Substance Abuse Programs and Teaching Emotional Regulation
It's important to manage negative emotions and enhance positive ones.
Posted November 23, 2019
My patient Michael drank socially for 15 years and was able to do so in moderation. But then something changed.
“I got a huge promotion at work and was managing a lot of people,” he told me in our session. “I was dealing with a lot of stress, so I drank more at night to take the edge off, and I started drinking during the day on weekends to get myself into a better mood.”
He sighed, “I told myself I was doing it for the family.”
Each person’s journey into substance abuse is different, but one thing many people with substance use disorder (SUD) have in common is using substances to manage to numb negative emotions. Indeed, people with substance use issues often experience more negative emotions and less positive ones. Therefore, for their recovery to succeed, it would be beneficial for them to learn how to manage and regulate negative emotions and how to enhance positive ones. The question is: Do substance abuse treatments address emotional management in a comprehensive way and give people the tools to manage negative emotions and enhance positive ones?
A new study by Kang and colleagues at the University of Illinois at Urbana-Champaign looked into this question by doing a meta-analysis (a statistical method of combining the results of many studies) of behavioral SUD interventions on emotional outcomes. While only some of the studies were specifically designed to assess emotional outcomes, those that did focused on emotional regulation and mindfulness-based interventions. As a group, those studies demonstrated significant reductions in negative emotions. There were too few studies focused on positive emotion outcomes to draw strong conclusions.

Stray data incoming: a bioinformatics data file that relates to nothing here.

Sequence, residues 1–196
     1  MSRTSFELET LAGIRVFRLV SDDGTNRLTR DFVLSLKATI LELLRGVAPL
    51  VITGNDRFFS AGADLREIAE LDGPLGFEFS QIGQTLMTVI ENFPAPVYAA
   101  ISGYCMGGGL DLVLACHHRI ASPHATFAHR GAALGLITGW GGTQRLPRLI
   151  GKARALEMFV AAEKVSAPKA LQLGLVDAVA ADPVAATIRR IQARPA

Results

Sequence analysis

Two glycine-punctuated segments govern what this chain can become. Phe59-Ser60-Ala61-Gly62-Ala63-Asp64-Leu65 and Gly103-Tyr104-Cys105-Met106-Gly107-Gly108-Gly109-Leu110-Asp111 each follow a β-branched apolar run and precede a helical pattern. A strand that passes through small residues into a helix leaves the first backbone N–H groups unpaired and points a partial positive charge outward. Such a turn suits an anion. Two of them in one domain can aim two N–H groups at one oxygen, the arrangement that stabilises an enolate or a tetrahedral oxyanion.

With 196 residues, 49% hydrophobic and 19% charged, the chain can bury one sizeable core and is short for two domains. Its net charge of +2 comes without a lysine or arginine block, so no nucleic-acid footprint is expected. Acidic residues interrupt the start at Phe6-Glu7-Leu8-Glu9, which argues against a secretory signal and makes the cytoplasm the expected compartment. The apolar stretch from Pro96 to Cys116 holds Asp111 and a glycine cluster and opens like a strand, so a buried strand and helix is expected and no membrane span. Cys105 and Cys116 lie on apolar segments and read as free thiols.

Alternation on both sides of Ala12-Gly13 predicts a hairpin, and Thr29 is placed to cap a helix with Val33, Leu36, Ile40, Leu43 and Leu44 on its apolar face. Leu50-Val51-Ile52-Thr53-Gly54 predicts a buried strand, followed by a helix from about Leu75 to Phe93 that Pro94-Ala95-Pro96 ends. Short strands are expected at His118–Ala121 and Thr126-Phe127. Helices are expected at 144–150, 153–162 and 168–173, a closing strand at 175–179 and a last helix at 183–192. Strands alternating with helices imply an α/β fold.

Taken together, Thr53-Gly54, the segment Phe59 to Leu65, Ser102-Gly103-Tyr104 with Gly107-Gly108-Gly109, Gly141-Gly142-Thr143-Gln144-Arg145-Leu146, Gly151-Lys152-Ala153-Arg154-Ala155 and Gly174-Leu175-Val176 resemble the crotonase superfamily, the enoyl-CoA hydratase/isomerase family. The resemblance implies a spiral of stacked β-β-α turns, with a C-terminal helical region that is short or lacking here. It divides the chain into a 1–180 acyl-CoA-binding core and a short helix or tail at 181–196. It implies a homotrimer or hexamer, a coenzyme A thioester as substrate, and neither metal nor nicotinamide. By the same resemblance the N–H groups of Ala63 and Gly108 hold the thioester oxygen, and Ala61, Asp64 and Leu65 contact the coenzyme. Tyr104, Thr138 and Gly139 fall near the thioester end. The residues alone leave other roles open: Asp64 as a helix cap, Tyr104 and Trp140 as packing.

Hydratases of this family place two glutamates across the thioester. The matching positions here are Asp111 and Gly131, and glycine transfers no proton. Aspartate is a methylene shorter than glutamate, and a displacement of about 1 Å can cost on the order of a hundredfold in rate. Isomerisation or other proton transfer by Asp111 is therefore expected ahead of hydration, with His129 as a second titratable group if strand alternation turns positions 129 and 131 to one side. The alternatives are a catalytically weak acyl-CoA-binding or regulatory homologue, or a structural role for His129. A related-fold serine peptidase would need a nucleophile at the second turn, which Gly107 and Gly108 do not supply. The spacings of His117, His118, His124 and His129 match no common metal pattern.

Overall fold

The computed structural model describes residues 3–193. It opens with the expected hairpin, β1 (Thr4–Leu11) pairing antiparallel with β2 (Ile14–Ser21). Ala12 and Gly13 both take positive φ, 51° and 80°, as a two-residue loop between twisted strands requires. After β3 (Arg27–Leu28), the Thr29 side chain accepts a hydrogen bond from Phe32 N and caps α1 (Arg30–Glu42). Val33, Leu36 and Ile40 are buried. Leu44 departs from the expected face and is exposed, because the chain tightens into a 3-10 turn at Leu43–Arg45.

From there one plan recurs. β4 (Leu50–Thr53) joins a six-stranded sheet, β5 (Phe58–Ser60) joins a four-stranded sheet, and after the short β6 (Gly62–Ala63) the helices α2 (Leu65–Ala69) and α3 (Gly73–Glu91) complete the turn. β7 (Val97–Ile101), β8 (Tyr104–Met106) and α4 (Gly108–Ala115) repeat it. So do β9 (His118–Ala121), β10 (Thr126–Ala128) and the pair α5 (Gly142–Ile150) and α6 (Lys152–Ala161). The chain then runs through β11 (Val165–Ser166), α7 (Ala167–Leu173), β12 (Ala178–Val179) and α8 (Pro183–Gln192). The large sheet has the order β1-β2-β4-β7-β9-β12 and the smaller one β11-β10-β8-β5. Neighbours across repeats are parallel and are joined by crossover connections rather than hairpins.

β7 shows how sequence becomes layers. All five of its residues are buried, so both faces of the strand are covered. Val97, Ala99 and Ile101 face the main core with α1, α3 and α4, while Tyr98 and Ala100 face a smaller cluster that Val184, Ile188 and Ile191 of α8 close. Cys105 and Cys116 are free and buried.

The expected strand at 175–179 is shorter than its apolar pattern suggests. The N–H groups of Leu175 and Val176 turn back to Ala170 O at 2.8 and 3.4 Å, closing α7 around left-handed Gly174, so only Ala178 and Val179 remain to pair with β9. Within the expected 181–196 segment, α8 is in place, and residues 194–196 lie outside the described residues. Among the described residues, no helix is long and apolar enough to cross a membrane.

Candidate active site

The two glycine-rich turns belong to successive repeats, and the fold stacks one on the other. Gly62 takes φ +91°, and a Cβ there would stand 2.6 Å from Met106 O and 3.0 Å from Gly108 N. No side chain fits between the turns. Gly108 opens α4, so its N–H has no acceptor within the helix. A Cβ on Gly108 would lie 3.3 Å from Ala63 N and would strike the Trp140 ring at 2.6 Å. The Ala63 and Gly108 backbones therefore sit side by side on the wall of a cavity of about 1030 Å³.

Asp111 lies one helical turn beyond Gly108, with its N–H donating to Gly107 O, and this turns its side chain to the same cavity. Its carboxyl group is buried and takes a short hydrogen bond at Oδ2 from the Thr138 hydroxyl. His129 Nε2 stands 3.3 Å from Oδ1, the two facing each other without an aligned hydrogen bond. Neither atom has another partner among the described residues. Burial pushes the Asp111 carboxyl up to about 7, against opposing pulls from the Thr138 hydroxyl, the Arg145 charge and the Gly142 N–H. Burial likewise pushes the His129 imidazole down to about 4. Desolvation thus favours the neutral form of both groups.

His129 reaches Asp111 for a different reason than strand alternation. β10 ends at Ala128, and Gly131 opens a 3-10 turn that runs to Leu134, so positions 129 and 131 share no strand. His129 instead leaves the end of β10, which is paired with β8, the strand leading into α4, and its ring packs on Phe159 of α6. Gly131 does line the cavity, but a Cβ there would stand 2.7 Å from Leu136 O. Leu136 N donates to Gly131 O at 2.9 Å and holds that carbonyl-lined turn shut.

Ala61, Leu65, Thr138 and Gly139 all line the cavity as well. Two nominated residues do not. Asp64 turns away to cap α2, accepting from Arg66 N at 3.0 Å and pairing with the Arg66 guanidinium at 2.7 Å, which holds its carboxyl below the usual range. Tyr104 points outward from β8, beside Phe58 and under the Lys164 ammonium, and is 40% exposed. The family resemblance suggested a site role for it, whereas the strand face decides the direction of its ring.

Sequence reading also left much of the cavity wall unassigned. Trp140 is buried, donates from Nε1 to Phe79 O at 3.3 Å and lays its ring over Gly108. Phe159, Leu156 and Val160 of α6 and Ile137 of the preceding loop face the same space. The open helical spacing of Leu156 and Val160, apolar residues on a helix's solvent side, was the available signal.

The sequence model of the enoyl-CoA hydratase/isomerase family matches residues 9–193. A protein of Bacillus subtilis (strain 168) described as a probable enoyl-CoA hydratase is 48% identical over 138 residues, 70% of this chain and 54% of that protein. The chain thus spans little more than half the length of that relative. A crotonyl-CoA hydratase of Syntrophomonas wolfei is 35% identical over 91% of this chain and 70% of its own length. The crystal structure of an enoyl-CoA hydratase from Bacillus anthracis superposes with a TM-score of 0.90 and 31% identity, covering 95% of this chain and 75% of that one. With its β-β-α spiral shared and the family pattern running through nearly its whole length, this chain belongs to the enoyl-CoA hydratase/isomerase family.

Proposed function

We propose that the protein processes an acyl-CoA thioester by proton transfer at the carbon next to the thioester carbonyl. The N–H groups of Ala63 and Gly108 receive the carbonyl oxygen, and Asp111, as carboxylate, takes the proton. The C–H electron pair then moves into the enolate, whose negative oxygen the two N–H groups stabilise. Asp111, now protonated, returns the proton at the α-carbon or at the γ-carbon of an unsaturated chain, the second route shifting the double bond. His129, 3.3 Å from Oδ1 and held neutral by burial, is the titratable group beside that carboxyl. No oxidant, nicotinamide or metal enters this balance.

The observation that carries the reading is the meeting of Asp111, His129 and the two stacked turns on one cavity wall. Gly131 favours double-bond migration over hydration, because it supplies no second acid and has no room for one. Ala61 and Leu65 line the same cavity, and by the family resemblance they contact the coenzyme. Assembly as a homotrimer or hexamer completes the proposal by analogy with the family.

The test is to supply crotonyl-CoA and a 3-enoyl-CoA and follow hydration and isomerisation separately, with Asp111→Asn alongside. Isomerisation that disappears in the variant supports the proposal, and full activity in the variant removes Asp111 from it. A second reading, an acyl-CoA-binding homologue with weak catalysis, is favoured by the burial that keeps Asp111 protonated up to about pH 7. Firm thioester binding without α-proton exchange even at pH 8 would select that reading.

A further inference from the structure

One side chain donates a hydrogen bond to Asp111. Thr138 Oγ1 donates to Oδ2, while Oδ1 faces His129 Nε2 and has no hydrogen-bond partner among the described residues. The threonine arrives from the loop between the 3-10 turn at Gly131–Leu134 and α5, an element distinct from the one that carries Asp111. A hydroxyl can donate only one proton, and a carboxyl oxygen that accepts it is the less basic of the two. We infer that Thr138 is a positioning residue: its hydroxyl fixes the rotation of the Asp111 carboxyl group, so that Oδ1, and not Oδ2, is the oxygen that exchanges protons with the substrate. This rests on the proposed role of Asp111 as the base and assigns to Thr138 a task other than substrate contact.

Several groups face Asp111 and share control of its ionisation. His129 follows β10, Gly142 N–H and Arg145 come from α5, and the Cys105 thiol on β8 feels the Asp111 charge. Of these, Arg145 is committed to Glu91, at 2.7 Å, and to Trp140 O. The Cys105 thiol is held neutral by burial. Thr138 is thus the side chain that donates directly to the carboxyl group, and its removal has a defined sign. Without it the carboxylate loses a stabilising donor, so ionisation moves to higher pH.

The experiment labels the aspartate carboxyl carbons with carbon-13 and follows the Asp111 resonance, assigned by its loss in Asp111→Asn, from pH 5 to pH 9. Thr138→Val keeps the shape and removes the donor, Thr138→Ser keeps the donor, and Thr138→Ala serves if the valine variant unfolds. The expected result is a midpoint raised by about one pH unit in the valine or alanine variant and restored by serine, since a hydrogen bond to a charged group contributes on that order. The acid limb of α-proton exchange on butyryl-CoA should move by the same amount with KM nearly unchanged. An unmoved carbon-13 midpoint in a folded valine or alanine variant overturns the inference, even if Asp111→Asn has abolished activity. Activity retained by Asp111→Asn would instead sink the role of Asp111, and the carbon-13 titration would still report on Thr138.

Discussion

The takeaways here are significant. Given how fundamentally emotional distress factors into the development and maintenance of substance abuse disorders, participants would benefit from having emotional management and regulation being included as essential elements of their recoveries. While it is unclear how many treatment programs include such modules and to what extent, many of those who come out of treatment programs sober struggle to maintain sobriety once they reengage in their lives. Providing them with actual tools to moderate negative emotions and enhance positive emotions could help their chances of success.
When I met Michael, he had already "graduated" from several treatment programs and relapsed repeatedly. What finally made the difference for him was paying attention to his emotions and their valence, learning specific emotional regulation and mindfulness techniques to manage his emotions, practicing these methods, and incorporating them into his daily routines.
To be clear, I am not suggesting that emotional management is a panacea. But it is a component of recovery programs that is not always sufficiently emphasized. Therefore, when inquiring about inpatient treatment programs for substance abuse, ask whether they have modules that address emotional management and regulation and whether they teach how to practice and implement these skills in daily life. And when attending outpatient programs that lack such a component, consider acquiring these skills on a supplemental basis.
Copyright 2019 Guy Winch